SALT LAKE CITY--(BUSINESS WIRE)--A new study out of the Bureau of Economic and Business Research at the University of Utah’s David Eccles School of Business recently found that this most recent housing cycle has shown the slowest recovery of any post-World War II housing cycle.
Published in BEBR’s latest issue of “Utah Economic and Business Review,” the study analyzed the current housing cycle. The study specifically explored the impact of the Great Recession on Utah’s housing industry, comparing Utah with the rest of the nation. The current cycle has had a number of unique characteristics: falling housing prices, record levels of foreclosures and underwater mortgages, a shrinking job market and the lowest mortgage rates since the 1950s.
Although Utah’s housing market has struggled, its real estate industry has fared better. Existing home sales in some Utah counties have recovered 80 percent from the pre-recession peak and the median sales price of a home has fully recovered.
This study, titled “The Great Recession: Utah’s Homebuilding and Real Estate Sectors,” uncovered the following notable findings:
- In the first quarter of 2010, the percent of mortgages in foreclosure in Utah hit an all-time high of 3.3 percent, comprising 14,900 mortgage loans. By the first quarter of 2014, the percent of mortgages in foreclosure had dropped to 1.2 percent of all mortgage loans, comprising a total of nearly 5,000 loans. Historically the percent of loans in foreclosure is 1 percent.
- In 2010, Utah ranked 11th among all states in the percent of mortgage loans with negative equity, with a total of more than 93,000 loans. However, by the first quarter of 2014, the state’s ranking had dropped to 38th, decreasing to a total of just over 29,000 underwater loans.
- Millennials have postponed forming households due to declining housing affordability, which has resulted in reduced demand for housing.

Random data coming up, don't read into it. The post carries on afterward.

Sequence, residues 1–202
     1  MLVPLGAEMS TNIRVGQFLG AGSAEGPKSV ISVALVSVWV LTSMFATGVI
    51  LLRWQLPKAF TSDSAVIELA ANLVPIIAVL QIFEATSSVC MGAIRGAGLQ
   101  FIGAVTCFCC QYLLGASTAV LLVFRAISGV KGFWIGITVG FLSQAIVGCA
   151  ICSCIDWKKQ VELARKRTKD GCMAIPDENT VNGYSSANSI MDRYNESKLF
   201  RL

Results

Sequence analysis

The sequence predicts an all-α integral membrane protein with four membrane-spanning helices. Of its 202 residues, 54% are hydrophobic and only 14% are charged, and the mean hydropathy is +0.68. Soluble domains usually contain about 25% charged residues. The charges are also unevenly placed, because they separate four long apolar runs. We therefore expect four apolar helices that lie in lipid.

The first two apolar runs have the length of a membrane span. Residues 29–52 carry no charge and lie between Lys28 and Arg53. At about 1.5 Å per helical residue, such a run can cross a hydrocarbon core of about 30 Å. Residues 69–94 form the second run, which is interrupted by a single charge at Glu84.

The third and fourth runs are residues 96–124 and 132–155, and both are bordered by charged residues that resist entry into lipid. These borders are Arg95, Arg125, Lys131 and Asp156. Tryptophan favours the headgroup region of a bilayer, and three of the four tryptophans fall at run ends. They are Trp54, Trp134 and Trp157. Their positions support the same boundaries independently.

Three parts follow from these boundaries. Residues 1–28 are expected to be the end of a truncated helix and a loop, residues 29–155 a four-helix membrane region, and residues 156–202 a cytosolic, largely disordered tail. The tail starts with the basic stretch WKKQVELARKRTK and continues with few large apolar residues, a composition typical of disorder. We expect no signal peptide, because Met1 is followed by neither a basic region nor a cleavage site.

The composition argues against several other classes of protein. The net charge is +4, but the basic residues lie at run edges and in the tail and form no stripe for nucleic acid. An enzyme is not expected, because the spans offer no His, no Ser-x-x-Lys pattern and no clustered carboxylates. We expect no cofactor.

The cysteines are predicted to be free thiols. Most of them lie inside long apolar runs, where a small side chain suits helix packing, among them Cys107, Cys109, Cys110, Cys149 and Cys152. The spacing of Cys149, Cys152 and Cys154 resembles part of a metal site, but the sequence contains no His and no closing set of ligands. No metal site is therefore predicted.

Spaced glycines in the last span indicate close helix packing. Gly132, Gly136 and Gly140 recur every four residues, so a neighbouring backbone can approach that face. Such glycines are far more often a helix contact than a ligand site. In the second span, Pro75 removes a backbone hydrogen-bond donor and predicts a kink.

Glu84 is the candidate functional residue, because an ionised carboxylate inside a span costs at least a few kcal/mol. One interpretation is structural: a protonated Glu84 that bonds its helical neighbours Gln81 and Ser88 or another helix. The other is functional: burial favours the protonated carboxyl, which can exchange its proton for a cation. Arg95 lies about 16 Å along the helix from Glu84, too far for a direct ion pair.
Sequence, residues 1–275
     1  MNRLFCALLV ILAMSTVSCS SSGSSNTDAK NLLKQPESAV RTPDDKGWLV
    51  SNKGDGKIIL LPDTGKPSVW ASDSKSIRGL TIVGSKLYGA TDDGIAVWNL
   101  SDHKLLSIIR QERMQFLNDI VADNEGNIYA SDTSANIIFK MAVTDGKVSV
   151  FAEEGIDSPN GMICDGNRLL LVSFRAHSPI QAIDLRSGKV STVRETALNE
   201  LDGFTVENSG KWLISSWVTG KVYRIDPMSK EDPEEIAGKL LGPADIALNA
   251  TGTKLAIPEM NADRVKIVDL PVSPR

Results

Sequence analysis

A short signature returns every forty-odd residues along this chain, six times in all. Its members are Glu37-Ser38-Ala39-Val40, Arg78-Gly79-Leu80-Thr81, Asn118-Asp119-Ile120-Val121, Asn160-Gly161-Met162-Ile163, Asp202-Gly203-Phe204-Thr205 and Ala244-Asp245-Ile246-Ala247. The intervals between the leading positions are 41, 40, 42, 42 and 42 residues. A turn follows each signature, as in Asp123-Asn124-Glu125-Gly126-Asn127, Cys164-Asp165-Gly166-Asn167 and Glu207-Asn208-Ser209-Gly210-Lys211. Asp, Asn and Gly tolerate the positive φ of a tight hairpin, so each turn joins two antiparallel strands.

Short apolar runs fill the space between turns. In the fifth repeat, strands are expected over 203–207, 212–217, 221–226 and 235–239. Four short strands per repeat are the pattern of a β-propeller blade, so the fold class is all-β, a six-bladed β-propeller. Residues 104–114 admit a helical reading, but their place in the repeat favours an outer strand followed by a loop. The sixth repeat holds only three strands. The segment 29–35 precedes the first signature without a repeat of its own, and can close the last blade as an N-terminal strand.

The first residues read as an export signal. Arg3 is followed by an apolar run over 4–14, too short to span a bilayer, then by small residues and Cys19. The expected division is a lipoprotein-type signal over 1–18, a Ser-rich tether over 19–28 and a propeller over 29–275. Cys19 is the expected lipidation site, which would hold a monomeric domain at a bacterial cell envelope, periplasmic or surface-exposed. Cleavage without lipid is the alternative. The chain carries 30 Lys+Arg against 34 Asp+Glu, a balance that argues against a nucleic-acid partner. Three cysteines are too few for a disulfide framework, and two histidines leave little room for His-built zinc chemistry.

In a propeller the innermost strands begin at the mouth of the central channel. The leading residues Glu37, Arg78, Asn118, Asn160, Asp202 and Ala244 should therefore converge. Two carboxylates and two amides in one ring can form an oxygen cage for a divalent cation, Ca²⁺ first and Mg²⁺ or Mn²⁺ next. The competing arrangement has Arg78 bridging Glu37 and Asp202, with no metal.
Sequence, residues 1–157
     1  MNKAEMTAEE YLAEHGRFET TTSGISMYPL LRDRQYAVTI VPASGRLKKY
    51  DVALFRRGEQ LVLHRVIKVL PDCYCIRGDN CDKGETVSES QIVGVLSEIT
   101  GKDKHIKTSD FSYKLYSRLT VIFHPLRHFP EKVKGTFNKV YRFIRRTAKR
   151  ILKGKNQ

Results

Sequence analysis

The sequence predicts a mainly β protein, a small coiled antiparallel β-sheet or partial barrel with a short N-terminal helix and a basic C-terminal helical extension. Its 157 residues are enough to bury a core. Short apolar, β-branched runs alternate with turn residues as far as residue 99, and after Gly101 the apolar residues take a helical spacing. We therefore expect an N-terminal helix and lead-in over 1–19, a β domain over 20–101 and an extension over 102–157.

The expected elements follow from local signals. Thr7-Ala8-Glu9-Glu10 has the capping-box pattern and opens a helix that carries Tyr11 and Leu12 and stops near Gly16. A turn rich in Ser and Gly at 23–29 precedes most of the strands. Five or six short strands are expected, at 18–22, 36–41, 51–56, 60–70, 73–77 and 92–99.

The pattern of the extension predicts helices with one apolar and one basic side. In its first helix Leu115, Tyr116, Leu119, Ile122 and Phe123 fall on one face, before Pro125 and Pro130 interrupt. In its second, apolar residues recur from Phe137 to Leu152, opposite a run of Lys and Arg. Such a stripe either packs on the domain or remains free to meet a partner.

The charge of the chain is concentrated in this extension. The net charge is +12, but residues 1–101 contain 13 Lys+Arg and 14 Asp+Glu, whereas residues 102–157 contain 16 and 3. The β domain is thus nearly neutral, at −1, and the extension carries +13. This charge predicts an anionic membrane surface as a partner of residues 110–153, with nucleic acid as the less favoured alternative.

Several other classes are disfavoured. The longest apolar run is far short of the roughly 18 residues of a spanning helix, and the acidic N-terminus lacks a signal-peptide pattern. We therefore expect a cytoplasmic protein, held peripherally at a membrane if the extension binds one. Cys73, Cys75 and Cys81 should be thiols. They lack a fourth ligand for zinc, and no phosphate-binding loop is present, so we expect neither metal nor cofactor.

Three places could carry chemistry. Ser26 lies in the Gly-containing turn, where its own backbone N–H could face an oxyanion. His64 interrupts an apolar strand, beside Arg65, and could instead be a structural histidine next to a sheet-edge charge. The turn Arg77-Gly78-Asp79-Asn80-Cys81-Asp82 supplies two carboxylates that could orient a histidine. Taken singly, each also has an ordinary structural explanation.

- Those households with low to moderate incomes were hit hardest by falling housing prices. The zip codes in Salt Lake County with price declines of more than 30 percent were almost exclusively those with relatively low-priced homes.
“We’ve never had sustained housing price declines in Utah,” said James Wood, director of BEBR. “We’ve had one or two years separated with years of growth, but we haven’t had a declining year since the 1960s. In terms of new residential construction, the pre-recession peak was clearly too high but the subdued demand and slow recovery is worrisome.”
About the Bureau of Business and Economic Research
Established in 1932, the Bureau of Economic and Business Research (BEBR) is an applied research center in the David Eccles School of Business at The University of Utah. BEBR’s mission is to conduct and support research related to the structure of the Utah economy, its resources and its potential for expansion. BEBR also analyzes the economic and demographic impacts of economic events and policy initiatives on local and regional economies, provides advice on economic issues and conducts regional economic analysis.
About The David Eccles School of Business
Founded in 1917 in Salt Lake City, the David Eccles School of Business educates nearly 3,500 students a year and boasts more than 31,000 alumni. Students manage a university venture fund of $18.3 million, the largest of its kind in the nation. In January 2012, the school opened its new $72 million Spencer F. Eccles Business Building, offering students a cutting-edge learning environment packed with state-of-the-art technology. Its entrepreneurship program is consistently ranked as among the best in the nation by the Princeton Review, and its Full-Time MBA program made the biggest jump up the rankings of U.S. News & World Report’s 2014 rankings of graduate schools. For more information, visit www.business.utah.edu.